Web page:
Sunday, January 25, 2009
Sunday Afternoon in Williamsburg: Paping Pop-Up Theatre at Desert Island
Due to the severe cold today, the MGMT concert at the McCarren pool was canceled since the band would have had to wear clothes. The seven-block walk with this wind-chill factor would have been too much for us at our advanced age anyway.
Luckily there was something suitable for all ages a lot closer, at our favorite friendly neighborhood comic book store, the fabulous Desert Island. At 4 p.m. they were hosting a puppet show. Yay! With some real little kids in attendance.
The Pop-Up Theatre show was presented by Paping, the delightful comic zine masterminded by John Mejias, whose art is inspired by his experience as an art teacher at a Bronx elementary school. This was the troupe's inaugural performance of this three-act play, and we are here to tell you it was a triumphant debut.
The puppets here were flat cut-outs of people and animals, often featuring movable limbs - or not - drawn in that highly-patterned way that Mejias has made the trademark of his tales of life around kids in the New York City public schools. Everything went off without a hitch, except when the script called for a hitch.
John (Mr. M) - who, by the way, in real life also organized the famed Paping Soap Box Derby - narrated everything, but the other characters in the autobiographical slice-of-life also spoke their lines in distinct voices of other members of the troupe. Between each act was some appropriately wistful or whimsical musical interlude.
The first act, "The Dog Lost," was a non-shaggy dog tale wherein our art-teacher hero, trying to figure out what to have for lunch at his appointed hour of 10:15 a.m. (too early for pizza since they haven't fired the ovens, too soon for eggs again since he'd just had breakfast two hours before), is confronted with a lost, sick or confused dog and some kids looking toward him - he's a teacher, after all - to do something about the situation.
As the Facebook invitation noted, "While the show contains no curses, nudity or bloodshed, children are in danger of finding out that public school teachers don't always know what they are doing."
The second act, "Victimless Crimes," explains what happens when all the parents in the school impress their kids - and sometimes the school secretary - with the repeated admonition, "If anyone hits you, hits them back." (Fortunately, the big kid we punched in the jaw in fourth grade at P.S. 203 had a Quaker mom.) And what happens when a principal tries to control one of those totally wild kids and meets with the boy's large angry grandfather and his two large angry friends. Early retirement was the perfect denouement.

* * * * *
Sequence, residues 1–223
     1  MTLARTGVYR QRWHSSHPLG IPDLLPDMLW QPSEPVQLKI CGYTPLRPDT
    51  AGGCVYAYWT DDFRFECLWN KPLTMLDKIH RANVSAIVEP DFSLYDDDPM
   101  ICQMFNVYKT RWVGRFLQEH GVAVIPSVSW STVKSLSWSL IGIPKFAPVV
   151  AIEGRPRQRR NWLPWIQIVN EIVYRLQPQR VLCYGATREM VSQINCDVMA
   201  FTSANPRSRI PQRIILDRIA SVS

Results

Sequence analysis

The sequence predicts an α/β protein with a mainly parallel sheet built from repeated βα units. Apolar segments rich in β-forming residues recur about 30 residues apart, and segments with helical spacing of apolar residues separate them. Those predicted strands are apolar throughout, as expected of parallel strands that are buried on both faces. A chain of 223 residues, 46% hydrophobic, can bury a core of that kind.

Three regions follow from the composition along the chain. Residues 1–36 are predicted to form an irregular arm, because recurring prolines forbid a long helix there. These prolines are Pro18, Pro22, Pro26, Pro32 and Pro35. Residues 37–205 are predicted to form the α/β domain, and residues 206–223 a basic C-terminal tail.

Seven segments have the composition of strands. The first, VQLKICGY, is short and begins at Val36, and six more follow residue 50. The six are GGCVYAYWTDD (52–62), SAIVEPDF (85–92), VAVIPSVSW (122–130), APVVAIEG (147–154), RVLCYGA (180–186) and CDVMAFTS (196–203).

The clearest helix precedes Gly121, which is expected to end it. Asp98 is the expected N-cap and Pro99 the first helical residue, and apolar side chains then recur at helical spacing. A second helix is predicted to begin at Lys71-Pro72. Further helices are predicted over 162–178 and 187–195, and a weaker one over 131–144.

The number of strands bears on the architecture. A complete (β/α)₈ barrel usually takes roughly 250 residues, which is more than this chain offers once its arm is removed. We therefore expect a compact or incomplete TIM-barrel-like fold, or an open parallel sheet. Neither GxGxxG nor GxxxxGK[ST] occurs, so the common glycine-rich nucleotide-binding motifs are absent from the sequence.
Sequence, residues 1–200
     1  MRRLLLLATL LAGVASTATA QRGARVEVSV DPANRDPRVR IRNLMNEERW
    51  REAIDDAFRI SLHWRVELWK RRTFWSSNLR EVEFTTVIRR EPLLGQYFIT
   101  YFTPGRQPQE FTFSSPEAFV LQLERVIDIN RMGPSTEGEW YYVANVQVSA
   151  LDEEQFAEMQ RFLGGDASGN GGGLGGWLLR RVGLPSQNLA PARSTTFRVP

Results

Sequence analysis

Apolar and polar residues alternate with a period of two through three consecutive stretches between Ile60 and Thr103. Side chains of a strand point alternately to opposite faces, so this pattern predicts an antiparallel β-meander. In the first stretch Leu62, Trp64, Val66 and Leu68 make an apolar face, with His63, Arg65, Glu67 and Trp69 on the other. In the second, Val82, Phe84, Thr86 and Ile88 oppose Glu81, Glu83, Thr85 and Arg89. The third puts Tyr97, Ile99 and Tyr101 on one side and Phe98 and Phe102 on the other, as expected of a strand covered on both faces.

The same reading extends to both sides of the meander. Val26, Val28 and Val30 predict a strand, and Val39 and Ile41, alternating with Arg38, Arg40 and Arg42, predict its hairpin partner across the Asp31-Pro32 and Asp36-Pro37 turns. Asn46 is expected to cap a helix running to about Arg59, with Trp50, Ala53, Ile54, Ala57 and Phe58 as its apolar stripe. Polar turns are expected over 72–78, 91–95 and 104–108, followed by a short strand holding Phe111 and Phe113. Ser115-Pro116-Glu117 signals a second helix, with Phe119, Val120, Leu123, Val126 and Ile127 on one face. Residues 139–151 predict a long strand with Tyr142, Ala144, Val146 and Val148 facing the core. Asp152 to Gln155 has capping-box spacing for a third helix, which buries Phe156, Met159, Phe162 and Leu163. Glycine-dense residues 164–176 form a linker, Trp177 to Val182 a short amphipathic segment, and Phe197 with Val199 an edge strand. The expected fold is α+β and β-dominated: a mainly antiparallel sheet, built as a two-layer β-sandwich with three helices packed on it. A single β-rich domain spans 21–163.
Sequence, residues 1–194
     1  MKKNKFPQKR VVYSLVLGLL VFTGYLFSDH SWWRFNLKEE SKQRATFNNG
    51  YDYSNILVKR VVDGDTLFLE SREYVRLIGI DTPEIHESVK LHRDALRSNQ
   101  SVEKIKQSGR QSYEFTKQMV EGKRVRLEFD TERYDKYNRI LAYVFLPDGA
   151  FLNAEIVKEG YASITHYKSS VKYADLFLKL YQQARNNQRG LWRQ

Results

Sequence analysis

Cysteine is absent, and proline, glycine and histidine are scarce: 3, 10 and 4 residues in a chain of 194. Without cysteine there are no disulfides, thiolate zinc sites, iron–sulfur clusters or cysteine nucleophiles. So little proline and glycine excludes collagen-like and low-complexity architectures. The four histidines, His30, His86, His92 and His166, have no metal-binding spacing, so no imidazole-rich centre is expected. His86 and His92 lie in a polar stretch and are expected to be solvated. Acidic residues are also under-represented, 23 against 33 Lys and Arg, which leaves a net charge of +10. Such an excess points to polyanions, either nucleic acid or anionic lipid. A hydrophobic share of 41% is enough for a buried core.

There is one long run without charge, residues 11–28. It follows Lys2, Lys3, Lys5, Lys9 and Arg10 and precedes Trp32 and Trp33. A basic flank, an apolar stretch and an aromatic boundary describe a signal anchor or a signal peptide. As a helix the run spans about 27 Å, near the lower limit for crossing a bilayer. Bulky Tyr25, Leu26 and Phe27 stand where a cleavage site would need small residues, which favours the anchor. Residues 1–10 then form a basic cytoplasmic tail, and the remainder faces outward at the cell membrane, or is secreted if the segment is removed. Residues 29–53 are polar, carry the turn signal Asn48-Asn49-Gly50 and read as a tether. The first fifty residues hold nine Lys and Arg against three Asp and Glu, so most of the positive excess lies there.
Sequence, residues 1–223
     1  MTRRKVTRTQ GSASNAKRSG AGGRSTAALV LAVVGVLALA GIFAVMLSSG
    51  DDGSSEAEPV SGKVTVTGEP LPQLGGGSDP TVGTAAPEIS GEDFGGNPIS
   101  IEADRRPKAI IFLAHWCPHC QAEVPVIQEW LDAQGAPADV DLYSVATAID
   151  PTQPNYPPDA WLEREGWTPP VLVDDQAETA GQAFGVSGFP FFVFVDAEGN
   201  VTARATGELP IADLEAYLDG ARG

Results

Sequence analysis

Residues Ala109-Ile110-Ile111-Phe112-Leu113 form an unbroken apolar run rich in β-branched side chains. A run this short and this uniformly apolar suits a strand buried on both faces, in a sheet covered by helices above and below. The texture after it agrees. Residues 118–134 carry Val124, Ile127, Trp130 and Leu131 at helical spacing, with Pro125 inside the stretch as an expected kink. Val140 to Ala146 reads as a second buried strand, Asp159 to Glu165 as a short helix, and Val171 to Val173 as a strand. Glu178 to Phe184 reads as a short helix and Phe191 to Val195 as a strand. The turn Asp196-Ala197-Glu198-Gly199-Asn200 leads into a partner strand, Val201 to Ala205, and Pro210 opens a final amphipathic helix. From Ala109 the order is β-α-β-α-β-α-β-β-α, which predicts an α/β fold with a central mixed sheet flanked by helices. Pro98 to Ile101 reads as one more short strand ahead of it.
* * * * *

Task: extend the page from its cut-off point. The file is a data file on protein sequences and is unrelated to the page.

The piece de resistance, the third act tour de force (we saw Sen. John Kerry on TV today so that must explain the French) "Where Theres Smoke Theres Smoke" - we might have been too nearsighted to see any apostrophes in the jaunty title card - features a mysterious P.A. announcement, a "not too bad, not too good, fun art class," a fire drill, a hysterical first-grader with a fish stick in his mouth, plus boys on a roof pelting the school's students (and us, the audience, with eggs.
Oh, and smoke. Lots of smoke. Unexplained smoke. But everything was quite neatly left unexplained throughout the show. The little kids liked it, the hipsters liked it, the few old poople [sic] liked it, the performers' relatives loved it. ("Did you see the arms? I made them," said the woman standing next to us. "Good work, Mom," said the woman behind her.)
Good work, Mr. M and the entire Paping Pop-Up Theatre troupe. We hope you sold a lot of books after the performance. And, as always, good work, Desert Island. People, go buy some comics and books there.